Bullshit!  I’m not giving an inch on this, and I’m certainly not going to let someone rationalize their own complicity in something that was so fucked up.  It’s too important.  As bad as Bush was, he hasn’t woken us up yet.  The camels back is doing just fine.  People talk about change and not making the same mistakes as before, yet they continue to make the same mistakes in our leadership.  Democrat or Republican, it doesn’t matter.  My left nut has better ethics than any of those twits.  We need to have higher standards for our elected officials, and not just in our voting.  They should be unable to have the kinds of moral lapses that you’re describing, and if they do, then we need to punish them for it so that the next guy doesn’t do the same thing.

    They can lie through their teeth to get elected, and there’s only so much you can do about that, but once they’re in, they need to be told that if they screw up as much as Bush did, then there will be consequences.  We aren’t doing that, so we’re dooming ourselves to having more like him, no matter how we vote.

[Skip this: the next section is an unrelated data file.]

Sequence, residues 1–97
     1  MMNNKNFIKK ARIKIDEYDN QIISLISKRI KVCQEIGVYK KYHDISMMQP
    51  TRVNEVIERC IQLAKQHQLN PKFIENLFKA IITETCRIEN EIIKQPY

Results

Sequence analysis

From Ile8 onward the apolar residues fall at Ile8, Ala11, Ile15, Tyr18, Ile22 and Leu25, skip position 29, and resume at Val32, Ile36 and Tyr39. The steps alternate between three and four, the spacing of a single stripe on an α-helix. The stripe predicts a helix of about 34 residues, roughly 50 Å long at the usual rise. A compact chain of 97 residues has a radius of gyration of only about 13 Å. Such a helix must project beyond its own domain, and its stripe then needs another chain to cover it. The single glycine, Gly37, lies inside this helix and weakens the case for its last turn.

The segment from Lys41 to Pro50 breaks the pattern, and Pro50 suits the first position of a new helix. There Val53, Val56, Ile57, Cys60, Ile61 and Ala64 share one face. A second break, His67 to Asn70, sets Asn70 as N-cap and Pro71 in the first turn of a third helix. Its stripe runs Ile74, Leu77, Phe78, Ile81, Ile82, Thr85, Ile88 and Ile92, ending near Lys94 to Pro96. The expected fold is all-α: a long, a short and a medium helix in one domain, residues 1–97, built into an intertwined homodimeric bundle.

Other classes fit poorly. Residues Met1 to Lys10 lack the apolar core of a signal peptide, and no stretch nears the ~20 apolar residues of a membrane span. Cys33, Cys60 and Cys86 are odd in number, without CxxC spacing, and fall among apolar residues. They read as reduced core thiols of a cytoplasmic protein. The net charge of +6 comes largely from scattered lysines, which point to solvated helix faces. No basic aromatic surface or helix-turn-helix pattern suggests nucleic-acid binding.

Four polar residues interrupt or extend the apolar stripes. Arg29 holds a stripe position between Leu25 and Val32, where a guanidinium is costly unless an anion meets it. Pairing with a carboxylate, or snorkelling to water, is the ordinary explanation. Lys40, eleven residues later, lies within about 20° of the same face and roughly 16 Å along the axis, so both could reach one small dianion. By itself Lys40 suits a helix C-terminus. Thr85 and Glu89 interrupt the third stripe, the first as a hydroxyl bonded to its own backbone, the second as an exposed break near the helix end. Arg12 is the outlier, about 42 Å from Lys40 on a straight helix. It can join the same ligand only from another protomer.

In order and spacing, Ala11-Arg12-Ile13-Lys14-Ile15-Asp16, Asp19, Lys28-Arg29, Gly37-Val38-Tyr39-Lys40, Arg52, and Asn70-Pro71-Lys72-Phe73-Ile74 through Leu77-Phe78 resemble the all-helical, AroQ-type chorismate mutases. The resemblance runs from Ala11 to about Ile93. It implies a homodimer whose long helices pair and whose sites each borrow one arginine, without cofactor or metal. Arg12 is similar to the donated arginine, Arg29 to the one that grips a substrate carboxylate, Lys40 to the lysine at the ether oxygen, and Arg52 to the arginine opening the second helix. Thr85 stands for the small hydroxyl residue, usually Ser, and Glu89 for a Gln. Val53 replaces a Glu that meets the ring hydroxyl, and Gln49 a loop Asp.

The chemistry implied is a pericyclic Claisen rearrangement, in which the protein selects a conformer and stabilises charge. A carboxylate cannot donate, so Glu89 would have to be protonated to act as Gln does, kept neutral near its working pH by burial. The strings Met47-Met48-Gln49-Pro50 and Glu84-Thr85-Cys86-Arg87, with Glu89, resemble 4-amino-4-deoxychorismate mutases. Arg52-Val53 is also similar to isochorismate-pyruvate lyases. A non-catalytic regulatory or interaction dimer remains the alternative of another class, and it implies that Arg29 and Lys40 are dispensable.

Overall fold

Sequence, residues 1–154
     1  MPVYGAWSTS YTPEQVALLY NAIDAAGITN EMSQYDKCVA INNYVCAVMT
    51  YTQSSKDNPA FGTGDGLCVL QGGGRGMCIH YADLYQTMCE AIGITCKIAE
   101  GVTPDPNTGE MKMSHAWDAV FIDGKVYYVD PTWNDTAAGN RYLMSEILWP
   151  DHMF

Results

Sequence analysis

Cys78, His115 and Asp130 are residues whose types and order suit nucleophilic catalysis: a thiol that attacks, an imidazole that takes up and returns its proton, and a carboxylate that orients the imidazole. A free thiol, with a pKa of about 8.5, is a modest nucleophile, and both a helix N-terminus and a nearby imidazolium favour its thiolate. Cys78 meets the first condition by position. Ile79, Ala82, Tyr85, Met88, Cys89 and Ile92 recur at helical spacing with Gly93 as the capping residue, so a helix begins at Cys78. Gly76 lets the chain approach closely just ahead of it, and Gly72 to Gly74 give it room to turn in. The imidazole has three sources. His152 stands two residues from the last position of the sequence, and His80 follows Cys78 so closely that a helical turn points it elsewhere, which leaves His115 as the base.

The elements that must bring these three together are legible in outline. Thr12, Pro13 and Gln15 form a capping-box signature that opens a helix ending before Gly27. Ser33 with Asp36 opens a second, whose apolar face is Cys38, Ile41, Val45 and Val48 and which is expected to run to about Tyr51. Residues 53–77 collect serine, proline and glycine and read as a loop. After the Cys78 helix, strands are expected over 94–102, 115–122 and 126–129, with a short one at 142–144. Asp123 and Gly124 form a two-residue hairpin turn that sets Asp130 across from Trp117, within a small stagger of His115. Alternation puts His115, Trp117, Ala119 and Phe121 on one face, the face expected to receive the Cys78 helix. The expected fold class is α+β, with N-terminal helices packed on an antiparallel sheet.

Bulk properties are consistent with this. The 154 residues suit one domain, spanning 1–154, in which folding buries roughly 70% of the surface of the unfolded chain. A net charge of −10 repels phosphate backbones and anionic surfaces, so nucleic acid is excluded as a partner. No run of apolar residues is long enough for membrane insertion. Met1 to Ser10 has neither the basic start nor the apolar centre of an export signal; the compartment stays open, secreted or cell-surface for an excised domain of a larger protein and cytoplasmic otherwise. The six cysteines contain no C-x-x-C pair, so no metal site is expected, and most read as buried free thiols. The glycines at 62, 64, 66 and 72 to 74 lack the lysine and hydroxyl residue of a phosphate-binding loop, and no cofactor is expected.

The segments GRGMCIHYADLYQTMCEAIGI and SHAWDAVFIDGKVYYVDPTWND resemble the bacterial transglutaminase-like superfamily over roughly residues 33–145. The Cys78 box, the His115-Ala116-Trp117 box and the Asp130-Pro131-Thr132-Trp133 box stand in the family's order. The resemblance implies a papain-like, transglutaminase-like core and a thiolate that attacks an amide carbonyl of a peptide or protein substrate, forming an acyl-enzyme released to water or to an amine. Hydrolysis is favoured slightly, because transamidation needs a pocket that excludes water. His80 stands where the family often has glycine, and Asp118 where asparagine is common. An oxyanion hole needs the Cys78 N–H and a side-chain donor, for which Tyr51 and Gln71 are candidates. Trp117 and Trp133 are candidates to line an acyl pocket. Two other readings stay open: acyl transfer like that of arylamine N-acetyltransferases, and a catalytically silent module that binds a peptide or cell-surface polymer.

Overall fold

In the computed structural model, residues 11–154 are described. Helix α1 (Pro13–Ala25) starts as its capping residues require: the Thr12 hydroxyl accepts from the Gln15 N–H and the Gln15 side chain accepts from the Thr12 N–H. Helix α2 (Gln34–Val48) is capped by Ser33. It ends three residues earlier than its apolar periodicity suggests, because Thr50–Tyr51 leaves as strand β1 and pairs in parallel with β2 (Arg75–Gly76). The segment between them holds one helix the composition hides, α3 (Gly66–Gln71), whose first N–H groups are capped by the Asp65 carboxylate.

7. Swordsbane, what zilch and I are trying to say is that the Bush administration isn’t necessarily a homogenous entity. I doubt that the ringleaders have a conscience that allows them to even ask questions like “is this right or wrong” and instead they ask “what can I get away with”. Other may be true believers who eventually escaped from the echo chamber and reality distortion field. Others may well have known about the wrongness but went along anyway for personal gain.

    Is the Bush administration as a whole unethical (to put it mildly)? By any reasonable standard, sure. Will they ever be brought to justice? Fat chance. Is every member and supporter of this administration equally guilty? No, but it won’t be easy figure out where each individual weighs in.

  8. I doubt that the ringleaders have a conscience that allows them to even ask questions like “is this right or wrong” and instead they ask “what can I get away with”. Other may be true believers who eventually escaped from the echo chamber and reality distortion field. Others may well have known about the wrongness but went along anyway for personal gain.